A diverse coalition of groups represented by the Electronic Frontier Foundation (EFF) has filed suit against the NSA on Tuesday for its bulk, unconstitutional collection of Americans’ phone records.
The broad coalition represented in the case, First Unitarian Church of Los Angeles v. NSA, includes Unitarian church groups, Greenpeace, the National Organization for the Reform of Marijuana Laws, People for the American Way (PFAW) and TechFreedom.
“The NSA’s unchecked collection of Americans’ telephone records, including the telephone records of organizations like PFAW, is a blatantly unconstitutional attack on our civil liberties,” PFAW President Michael Keegan said in a statement.
EFF explains that
At the heart of First Unitarian Church of Los Angeles v. NSA is the bulk telephone records collection program that was confirmed by last month’s publication of an order from the Foreign Intelligence Surveillance Court (FISC). The Director of National Intelligence (DNI) further confirmed that this formerly secret document was legitimate, and part of a broader program to collect all major telecommunications customers’ call histories. The order demands wholesale collection of every call made, the location of the phone, the time of the call, the duration of the call, and other “identifying information” for every phone and call for all customers of Verizon for a period of three months. Government officials further confirmed that this was just one of series of orders issued on a rolling basis since at least 2006.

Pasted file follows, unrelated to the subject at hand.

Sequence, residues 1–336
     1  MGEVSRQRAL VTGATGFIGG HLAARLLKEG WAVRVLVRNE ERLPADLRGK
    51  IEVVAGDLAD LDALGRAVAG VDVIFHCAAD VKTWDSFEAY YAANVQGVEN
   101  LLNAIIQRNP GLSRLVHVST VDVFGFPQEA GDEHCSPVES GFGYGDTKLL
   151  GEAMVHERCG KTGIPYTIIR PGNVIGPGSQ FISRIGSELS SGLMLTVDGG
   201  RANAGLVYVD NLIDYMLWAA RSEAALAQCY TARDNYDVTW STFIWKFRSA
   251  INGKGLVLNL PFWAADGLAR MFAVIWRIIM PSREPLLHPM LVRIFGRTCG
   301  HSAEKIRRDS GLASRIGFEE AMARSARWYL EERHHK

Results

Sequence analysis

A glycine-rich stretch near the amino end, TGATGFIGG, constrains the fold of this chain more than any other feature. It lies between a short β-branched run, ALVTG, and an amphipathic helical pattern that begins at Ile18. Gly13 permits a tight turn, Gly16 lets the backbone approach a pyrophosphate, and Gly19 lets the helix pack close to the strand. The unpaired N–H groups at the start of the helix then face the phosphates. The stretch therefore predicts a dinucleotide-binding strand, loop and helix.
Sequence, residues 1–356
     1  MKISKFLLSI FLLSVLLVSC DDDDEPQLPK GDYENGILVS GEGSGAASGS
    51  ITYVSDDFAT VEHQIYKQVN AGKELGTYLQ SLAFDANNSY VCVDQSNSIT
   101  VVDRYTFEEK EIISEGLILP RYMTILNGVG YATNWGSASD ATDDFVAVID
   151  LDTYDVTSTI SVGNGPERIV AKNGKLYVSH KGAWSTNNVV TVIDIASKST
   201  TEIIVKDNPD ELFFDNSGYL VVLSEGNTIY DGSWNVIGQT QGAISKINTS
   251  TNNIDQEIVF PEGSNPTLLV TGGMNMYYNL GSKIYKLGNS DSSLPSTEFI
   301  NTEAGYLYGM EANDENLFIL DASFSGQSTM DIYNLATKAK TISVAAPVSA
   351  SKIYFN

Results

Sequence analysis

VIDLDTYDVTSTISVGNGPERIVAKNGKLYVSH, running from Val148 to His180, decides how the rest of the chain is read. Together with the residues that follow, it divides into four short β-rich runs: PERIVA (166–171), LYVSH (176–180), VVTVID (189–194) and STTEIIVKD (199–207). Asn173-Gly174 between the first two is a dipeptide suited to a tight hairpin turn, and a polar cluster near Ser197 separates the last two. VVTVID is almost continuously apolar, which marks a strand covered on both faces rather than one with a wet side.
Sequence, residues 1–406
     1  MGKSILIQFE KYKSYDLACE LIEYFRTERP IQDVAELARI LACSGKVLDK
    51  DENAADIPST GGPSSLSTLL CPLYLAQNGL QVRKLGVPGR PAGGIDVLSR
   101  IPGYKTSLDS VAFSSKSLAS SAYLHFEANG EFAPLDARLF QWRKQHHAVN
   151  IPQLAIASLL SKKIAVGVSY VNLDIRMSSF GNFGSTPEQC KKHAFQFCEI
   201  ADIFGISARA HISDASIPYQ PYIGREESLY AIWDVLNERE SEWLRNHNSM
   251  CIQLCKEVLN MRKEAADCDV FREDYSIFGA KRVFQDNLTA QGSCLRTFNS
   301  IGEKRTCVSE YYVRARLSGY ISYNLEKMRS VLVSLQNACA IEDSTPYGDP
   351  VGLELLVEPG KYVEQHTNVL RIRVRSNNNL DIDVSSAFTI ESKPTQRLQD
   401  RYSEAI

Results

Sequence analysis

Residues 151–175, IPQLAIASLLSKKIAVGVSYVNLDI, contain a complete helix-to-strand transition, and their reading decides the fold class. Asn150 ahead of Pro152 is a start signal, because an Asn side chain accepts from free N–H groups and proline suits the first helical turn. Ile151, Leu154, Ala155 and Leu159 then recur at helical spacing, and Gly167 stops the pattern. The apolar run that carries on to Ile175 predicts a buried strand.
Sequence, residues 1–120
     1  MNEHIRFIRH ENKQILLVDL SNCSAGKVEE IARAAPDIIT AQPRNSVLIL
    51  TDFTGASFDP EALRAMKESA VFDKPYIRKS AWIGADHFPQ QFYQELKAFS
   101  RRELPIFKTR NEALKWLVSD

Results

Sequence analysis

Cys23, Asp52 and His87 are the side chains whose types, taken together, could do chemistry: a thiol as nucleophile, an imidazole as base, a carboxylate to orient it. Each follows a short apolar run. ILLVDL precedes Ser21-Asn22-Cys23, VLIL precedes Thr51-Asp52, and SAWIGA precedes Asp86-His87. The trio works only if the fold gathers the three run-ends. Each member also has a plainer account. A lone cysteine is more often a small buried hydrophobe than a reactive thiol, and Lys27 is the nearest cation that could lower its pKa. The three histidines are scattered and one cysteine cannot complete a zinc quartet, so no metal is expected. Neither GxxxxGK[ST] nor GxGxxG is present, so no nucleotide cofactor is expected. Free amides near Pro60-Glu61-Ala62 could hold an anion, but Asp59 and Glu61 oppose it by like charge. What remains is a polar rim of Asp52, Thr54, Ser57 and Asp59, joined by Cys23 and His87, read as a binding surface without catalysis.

“Who we call, how often we call them, and how long we speak shows the government what groups we belong to or associate with, which political issues concern us, and our religious affiliation,” stated EFF Legal Director Cindy Cohn. “Exposing this information — especially in a massive, untargeted way over a long period of time — violates the Constitution and the basic First Amendment tests that have been in place for over 50 years.”
“The sweeping collection of Americans’ telephone records is a profoundly problematic infringement on fundamental constitutional rights,” added Keegan.
Read the case below:
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Republished with permission from: Common Dreams